Matters of ultimate importance lie more in the realm of volition rather than reason and its fine-tuned counterpart, evidence. This is hardly fideism, however. The Christian position has never been one of “evidence” gathering, such that we can by the power of evidentiary weight alone overtake the unbeliever. This is why New Testament writers like Luke and Paul used both the weight of evidence (i.e. the Resurrection) combined with faith, which is nothing less than the desire to take the evidence in question as reliable. To suggest that evidence alone is required is to miss entirely the proposition that it is useless in the face of unbelief, regardless of which side of the God debate one falls.
(Luke 16:19-31) D. Richardson

3/28/08, 7:21 AM  
Blogger Zachary Moore said...


I can appreciate the presuppositional impact that worldviews play in how we regard these arguments, but I think ultimately the existence of apostates (such as myself) contradicts presuppositionalism outright.

I presupposed Christianity as a child, adolescent, and young man- it was only when presented with new evidence that I found cause to explore different perspectives.

I'll present this analogy: Nicole Richie is the singer Lionel Richie's daughter, who has recently gained some celebrity herself. When I would see her on television, I 'presupposed' that she was African-American, just like her father. At some point, my wife informed me that she was actually adopted by Lionel Richie, and that her biological father was Hispanic. Now, when I see her, I can't help but categorize her as Hispanic rather than African-American. It was not the case that I 'decided' to 'switch my presuppositions' about her; I was presented with new evidence which I evaluated and then adjusted my worldview accordingly.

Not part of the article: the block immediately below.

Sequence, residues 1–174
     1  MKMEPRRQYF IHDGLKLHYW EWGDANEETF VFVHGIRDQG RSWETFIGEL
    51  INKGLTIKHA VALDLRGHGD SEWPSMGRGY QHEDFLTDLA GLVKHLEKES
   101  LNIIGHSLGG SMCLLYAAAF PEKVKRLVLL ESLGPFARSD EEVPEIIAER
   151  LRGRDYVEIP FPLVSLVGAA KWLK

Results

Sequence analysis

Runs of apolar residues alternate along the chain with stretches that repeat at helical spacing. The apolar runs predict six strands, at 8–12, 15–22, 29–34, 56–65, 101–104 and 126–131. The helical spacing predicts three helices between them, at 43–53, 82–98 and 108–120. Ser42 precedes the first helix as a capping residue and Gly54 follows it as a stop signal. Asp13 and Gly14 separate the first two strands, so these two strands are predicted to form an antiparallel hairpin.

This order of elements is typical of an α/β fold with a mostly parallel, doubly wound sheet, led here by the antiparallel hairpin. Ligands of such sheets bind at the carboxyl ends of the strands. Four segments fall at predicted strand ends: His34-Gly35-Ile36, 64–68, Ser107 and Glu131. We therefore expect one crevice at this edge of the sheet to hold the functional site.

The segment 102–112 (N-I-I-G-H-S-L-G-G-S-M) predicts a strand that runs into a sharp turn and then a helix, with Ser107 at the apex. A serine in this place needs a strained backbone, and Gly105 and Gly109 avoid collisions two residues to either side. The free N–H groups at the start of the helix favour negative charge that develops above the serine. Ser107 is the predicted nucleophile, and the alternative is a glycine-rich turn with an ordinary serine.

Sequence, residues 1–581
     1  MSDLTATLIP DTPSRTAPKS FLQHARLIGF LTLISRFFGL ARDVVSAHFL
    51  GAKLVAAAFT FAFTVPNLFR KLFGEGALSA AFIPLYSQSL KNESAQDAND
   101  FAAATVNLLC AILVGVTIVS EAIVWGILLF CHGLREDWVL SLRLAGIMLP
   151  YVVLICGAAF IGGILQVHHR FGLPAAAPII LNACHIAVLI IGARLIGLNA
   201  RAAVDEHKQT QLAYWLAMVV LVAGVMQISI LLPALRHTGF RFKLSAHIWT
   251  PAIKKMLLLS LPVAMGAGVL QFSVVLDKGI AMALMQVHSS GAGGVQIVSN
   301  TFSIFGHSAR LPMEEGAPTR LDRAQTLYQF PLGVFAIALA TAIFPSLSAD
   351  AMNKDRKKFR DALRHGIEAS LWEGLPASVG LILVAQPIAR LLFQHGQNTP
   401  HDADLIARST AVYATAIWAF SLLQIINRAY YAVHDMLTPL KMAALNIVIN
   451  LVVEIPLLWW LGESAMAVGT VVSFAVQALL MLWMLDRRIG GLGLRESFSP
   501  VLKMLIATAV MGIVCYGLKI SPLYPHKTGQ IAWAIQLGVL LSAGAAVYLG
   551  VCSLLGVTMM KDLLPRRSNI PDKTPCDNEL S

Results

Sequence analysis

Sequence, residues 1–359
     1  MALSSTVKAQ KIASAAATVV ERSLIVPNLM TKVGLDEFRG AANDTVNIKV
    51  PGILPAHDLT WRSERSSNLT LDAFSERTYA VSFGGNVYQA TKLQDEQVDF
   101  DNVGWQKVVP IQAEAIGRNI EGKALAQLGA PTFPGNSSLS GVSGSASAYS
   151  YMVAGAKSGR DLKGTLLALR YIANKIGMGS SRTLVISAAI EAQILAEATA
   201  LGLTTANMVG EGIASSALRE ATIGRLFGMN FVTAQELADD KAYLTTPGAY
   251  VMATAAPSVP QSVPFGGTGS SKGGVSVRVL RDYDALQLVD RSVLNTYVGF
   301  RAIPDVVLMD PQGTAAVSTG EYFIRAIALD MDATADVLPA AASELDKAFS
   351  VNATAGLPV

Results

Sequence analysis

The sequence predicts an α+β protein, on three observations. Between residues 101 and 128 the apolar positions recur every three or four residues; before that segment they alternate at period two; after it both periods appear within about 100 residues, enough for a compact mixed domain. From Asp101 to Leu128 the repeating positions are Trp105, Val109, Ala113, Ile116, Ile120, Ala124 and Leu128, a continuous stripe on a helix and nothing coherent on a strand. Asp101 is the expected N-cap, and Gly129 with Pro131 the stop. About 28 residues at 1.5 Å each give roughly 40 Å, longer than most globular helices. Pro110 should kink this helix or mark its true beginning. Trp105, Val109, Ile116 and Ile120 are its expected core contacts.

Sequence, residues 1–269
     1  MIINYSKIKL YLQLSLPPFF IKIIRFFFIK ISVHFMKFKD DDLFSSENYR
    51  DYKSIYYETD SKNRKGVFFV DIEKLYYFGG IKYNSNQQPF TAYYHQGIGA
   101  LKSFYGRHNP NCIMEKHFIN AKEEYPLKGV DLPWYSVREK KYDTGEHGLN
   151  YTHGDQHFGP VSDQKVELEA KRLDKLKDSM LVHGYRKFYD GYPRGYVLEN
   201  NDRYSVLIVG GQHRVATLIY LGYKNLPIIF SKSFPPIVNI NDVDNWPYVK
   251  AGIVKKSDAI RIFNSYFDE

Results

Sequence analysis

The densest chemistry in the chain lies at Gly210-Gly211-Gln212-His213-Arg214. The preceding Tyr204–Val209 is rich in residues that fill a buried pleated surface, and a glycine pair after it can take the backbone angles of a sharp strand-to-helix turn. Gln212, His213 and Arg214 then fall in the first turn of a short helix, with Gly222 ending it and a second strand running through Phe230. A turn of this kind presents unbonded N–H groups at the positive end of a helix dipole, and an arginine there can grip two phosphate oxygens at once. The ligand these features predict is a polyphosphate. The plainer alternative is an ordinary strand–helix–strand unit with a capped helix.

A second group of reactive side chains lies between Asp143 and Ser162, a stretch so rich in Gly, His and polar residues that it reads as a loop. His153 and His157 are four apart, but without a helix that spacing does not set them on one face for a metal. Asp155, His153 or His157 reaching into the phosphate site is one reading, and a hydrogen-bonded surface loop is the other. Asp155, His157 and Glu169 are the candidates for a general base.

3/28/08, 8:28 AM  
Blogger Derward said...

Indeed, Dr. Moore; you've just made a case for the resurrection. Thomas, a disciple of Christ, did not believe he had been raised from the dead. Yet when confronted by Christ himself (new evidence), Thomas believed. What you have allowed to operate in your own experience, you have denied in someone else's, assuming your rejection of Thomas' testimony. The problem remains, however, that what is incontestable in Nicole Richie's case is not so straightforward when applied to God. It's the "contestable" nature of the evidence about God that remains so problematic and which therefore requires a commitment to one side or the other. Facts about Nicole Richie are not equal to facts about God; she can be seen, felt, and sensed empirically; God cannot, which in this case leaves the illustration in the realm of apples and oranges. That is, of course, unless you take as credible Thomas' testimony, which seems no different than your own about Ms. Richie.

3/28/08, 12:21 PM  
Blogger Zachary Moore said...


As a matter of fact, I would happily accept Thomistic verification... if it was being offered to me. I've said many times that if Jesus was able to appear to Thomas, he can appear to me. I think that should be the minimal level of evidence that anyone should expect before considering the Christian god-concept.

The Thomas character is interesting to me, because on the one hand, he's no different from the other disciples- none of them accepted the resurrection unless they saw it for themselves either. On the other hand, his resistance against peer pressure and hearsay accounts is nobly skeptical, and makes him a daresay the Christian saint of skepticism. He had to see it for himself, and Jesus obliged... an example I'm willing to follow.

3/30/08, 7:04 AM  
Blogger Alexis said...

I am not a "professional philosopher" in any sense but i do enjoy the discussions in the podcast and try to follow them as best as i can.

I have a couple of comments.